I do think that the world needs more yoga practitioners than yoga teachers. For me the same reasons I do my practice are the same reasons I would like to teach. I do believe that yoga practice, yoga sadhana, brings up many benefits, many of the values that are missing in today’s community, in humanity. This being: self-power, self-love, self-knowledge...


So why focus so much on the third limb of Patanjali Ashtanga Yoga, asana? Why start here? Why give so much attention to the root, to the body? Well working out the body we touch the more subtle corpses of our selves. Through Hatha yoga we regain force, power, feeling and sensitivity towards prana and apana. Prana the vital energy; Apana the downward moving of vital energy. By knowing how to move these, we become more able to control our mind. It is said in first verse of Hatha Yoga Pradipika that Shiva – purusha, all pervading conscience – taught Parvati – prakriti, the material existence – Hatha yoga vidya (knowledge), so that the most excellent Raja yoga (mind control) could be attained for those who wished.


To control the mind we have to become aware of the mind, of how it functions. Its like a computer, if we never became aware of how it functions we would never be able to control it. By moving the subtle bodies of our selves, through the movement of the body, through practice of postures along with breath we are enabling us the release of the toxins in our bodies; opening and strengthening our hearts and bodies for a bigger vision of the world and life. Bringing light to the darkest corners of our bodies and mind. Pathabhi Jois said that “Ashtanga yoga is perfect, it awakens the body, awakens the mind and awakens soul”. Through asana practice we prepare our bodies for higher levels of vibration, we prepare our bodies to become more receptive to life’s bigger purpose.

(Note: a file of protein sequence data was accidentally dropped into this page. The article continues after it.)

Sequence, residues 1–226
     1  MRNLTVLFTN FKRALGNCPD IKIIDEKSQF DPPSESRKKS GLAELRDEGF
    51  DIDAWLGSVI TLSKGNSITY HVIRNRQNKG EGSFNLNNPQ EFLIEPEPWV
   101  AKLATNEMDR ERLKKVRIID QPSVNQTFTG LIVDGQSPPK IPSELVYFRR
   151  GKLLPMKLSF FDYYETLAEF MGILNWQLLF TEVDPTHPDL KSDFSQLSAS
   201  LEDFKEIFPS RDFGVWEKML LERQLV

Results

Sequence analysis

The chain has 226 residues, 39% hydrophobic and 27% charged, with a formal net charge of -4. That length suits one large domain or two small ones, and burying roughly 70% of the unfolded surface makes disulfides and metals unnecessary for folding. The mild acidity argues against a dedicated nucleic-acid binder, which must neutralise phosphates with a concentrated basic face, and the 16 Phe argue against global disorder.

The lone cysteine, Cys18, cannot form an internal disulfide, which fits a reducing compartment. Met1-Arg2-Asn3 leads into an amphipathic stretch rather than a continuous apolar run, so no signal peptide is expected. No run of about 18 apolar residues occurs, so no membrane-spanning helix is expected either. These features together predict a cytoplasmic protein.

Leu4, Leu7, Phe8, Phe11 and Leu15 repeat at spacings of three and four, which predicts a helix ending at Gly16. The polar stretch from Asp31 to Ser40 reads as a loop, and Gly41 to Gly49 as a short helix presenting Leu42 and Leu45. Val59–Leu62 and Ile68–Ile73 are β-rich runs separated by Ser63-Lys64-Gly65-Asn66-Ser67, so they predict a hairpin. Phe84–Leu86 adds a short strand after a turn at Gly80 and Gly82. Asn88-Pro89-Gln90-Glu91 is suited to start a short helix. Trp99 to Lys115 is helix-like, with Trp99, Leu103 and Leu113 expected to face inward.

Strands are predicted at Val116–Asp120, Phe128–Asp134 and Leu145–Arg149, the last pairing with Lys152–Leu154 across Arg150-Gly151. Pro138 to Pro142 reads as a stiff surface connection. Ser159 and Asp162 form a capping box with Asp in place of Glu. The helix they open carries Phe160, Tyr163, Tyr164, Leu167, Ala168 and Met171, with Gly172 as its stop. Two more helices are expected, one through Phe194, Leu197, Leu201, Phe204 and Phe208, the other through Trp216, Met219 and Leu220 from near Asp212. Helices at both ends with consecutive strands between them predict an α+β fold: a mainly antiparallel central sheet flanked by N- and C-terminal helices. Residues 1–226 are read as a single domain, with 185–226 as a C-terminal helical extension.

Our practice becomes a test, a mirror. Why do I want to teach this? In my own experience Ashtanga Vinyasa Yoga practice has made me a more lively person. I have become more energetic, more strong, more flexible, more disciplined, more sensitive, more steady in mind and body, and more comfortable in my life and in my path, being able to face deeper truths. Ashtanga Yoga asana practice itself is of allot of worth. I’ve heard that if intelligence and body don’t share intimacy, a intimate relationship, it creates a deep duality, a separation. This separation can be observed and then united. And this observation of this separation creates challenge, fear of breaking the curtain of illusion… And a morning class throughout the same sequence all over again and again will make us become stronger and flexible towards our fears, challenges and frustrations. Allowing the union of inner and outer world. This is the beauty of Ashtanga Yoga! I see in yoga the practice of becoming aware of our potential. Of course living more our potential means we become with more self-respect, with more self-love, creating in our selves more well-being and more health for our potential to thrive with in us. Asana practice creates this body healthy and this mind healthy. Serenity in the body is sign of spiritual tranquillity.